Title

Determining the Effect of Targeting Androgen Receptor Acetylation in Prostate Cancer

Date of Award

2016

Degree Type

Thesis

Degree Name

Master of Science (MS)

First Advisor

Heather Montie, PhD

Second Advisor

Ruth Borghaei, PhD

Third Advisor

Cathy Hatcher, PhD

Fourth Advisor

Marcus Bell, PhD

Abstract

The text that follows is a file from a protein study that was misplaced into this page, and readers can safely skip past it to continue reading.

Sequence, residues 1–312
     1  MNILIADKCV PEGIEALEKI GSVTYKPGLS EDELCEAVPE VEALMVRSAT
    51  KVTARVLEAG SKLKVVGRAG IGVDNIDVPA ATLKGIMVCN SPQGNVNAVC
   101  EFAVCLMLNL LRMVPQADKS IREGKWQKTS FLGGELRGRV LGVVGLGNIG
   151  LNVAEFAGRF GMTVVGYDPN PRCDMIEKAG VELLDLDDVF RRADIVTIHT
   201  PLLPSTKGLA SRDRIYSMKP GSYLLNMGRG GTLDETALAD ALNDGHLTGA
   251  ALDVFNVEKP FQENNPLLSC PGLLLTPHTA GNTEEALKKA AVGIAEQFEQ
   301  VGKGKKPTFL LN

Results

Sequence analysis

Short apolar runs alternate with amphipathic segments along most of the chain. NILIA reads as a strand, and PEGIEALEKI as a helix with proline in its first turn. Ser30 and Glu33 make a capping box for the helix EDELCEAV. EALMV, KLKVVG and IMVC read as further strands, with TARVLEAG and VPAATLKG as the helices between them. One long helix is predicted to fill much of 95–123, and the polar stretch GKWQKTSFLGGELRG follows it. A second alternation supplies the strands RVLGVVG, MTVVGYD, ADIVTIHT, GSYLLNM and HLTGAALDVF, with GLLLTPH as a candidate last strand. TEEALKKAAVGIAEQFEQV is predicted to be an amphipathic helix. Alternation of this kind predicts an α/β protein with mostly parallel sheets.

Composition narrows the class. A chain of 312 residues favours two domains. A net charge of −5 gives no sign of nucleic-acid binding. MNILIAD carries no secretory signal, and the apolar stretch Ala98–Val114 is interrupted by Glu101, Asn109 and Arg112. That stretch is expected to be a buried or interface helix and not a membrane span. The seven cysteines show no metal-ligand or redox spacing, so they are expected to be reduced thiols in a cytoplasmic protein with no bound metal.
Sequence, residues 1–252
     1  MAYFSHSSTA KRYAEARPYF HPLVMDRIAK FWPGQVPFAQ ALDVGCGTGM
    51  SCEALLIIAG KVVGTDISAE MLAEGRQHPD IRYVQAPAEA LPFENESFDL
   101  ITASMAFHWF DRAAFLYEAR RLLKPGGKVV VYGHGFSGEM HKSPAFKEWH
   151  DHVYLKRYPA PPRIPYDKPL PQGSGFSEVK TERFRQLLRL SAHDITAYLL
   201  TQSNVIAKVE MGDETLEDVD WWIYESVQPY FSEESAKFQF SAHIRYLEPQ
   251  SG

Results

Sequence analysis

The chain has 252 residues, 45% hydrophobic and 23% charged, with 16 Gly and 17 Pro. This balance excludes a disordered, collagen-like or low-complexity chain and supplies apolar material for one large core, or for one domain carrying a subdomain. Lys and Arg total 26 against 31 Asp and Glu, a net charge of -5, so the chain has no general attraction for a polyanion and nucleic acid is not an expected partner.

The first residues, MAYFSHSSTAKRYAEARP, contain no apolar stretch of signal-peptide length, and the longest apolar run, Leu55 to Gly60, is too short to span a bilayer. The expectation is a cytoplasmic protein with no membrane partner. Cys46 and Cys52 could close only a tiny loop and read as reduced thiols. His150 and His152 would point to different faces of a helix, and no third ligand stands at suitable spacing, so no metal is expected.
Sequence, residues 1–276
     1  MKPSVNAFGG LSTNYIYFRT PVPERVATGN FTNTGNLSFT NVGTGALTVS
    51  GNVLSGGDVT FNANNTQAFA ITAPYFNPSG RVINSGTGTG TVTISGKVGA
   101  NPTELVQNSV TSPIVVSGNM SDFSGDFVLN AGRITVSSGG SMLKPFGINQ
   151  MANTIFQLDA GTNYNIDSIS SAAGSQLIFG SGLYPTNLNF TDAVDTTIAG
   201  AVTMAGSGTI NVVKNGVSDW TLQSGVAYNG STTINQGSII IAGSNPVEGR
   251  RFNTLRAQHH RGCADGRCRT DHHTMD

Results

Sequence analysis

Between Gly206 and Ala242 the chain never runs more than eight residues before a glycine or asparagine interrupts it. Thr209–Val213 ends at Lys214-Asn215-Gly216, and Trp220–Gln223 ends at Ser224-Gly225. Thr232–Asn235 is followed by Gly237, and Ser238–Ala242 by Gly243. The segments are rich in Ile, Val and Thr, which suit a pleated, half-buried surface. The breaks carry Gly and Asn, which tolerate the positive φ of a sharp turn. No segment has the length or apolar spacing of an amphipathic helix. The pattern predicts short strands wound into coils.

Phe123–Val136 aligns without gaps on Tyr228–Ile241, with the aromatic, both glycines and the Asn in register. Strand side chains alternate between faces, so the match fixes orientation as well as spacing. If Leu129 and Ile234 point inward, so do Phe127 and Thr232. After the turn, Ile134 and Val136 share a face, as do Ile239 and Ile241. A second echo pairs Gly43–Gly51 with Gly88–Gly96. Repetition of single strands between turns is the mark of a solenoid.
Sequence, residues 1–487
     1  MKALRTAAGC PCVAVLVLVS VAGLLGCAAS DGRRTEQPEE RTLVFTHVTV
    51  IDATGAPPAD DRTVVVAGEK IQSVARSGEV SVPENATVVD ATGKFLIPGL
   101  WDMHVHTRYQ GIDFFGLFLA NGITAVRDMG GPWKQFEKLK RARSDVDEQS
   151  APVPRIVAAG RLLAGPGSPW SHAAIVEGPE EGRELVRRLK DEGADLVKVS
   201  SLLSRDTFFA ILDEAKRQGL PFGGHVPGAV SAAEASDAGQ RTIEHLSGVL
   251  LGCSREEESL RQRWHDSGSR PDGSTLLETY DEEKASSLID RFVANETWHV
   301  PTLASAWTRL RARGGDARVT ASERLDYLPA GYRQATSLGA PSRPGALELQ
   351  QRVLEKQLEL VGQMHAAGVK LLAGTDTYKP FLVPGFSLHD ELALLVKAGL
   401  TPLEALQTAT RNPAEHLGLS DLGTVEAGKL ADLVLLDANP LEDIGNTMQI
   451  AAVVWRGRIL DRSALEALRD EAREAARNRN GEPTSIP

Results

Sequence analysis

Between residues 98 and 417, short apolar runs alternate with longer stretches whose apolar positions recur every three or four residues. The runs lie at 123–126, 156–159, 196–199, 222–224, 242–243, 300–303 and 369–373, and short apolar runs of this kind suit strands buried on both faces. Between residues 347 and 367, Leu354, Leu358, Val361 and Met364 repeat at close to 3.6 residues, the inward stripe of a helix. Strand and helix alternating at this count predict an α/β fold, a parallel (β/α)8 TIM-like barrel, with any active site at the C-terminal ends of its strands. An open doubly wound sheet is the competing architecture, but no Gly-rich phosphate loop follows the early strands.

Prostate cancer (PCa) is the most common malignancy in American males. If diagnosed in early stages, prognosis following surgery and radiation is good. Aggressive forms of prostate cancer are treated with hormone therapies targeting the androgen receptor (AR) by limiting AR function antagonistically. However, there is almost always a decrease in the cancer’s dependency on androgens, rendering the AR antagonism useless, and this ‘castrate-resistant’ form of the disease is fatal. Due to the lack of a durable therapy for this aggressive form of prostate cancer (castration-resistant), it is imperative that new therapeutic strategies be identified. Using a castrate-resistant prostate cancer cell line (C4-2), our lab previously discovered that genetic inhibition of AR acetylation is an efficacious cellular treatment strategy, as it reduced cell proliferation and induced cell death. Due to these promising results, we hypothesized that targeting AR acetylation may be a means to enhance the function of AR antagonism, in inhibiting castrate-resistant prostate cancer viability. AR lysines 630/632/633 are deacetylated by SIRT1, and are acetylated by Tip60. We have optimized a method to measure AR acetylation in C4-2 cells and found that reducing AR acetylation with the SIRT1 activator, SRT1720, and Tip60 inhibitor, NU9506, inhibit castrate-resistant prostate cancer proliferation and induce cell death of castrate-resistant prostate cancer cells. Utilizing the recently approved second-generation AR antagonist, enzalutamide, we have found that neither SRT1720 nor NU9506 induced a synergistic effect with enzalutamide, and therefore would likely not prove to be of benefit over AR antagonism as a first line treatment of castrate-resistant disease. Overall, these studies have identified AR acetylation as a viable target for therapeutic development for the treatment of the most aggressive form of prostate cancer, castrate-resistant disease. Continued studies will inform iv as to where in the course of disease the treatment of targeting AR acetylation is most promising.

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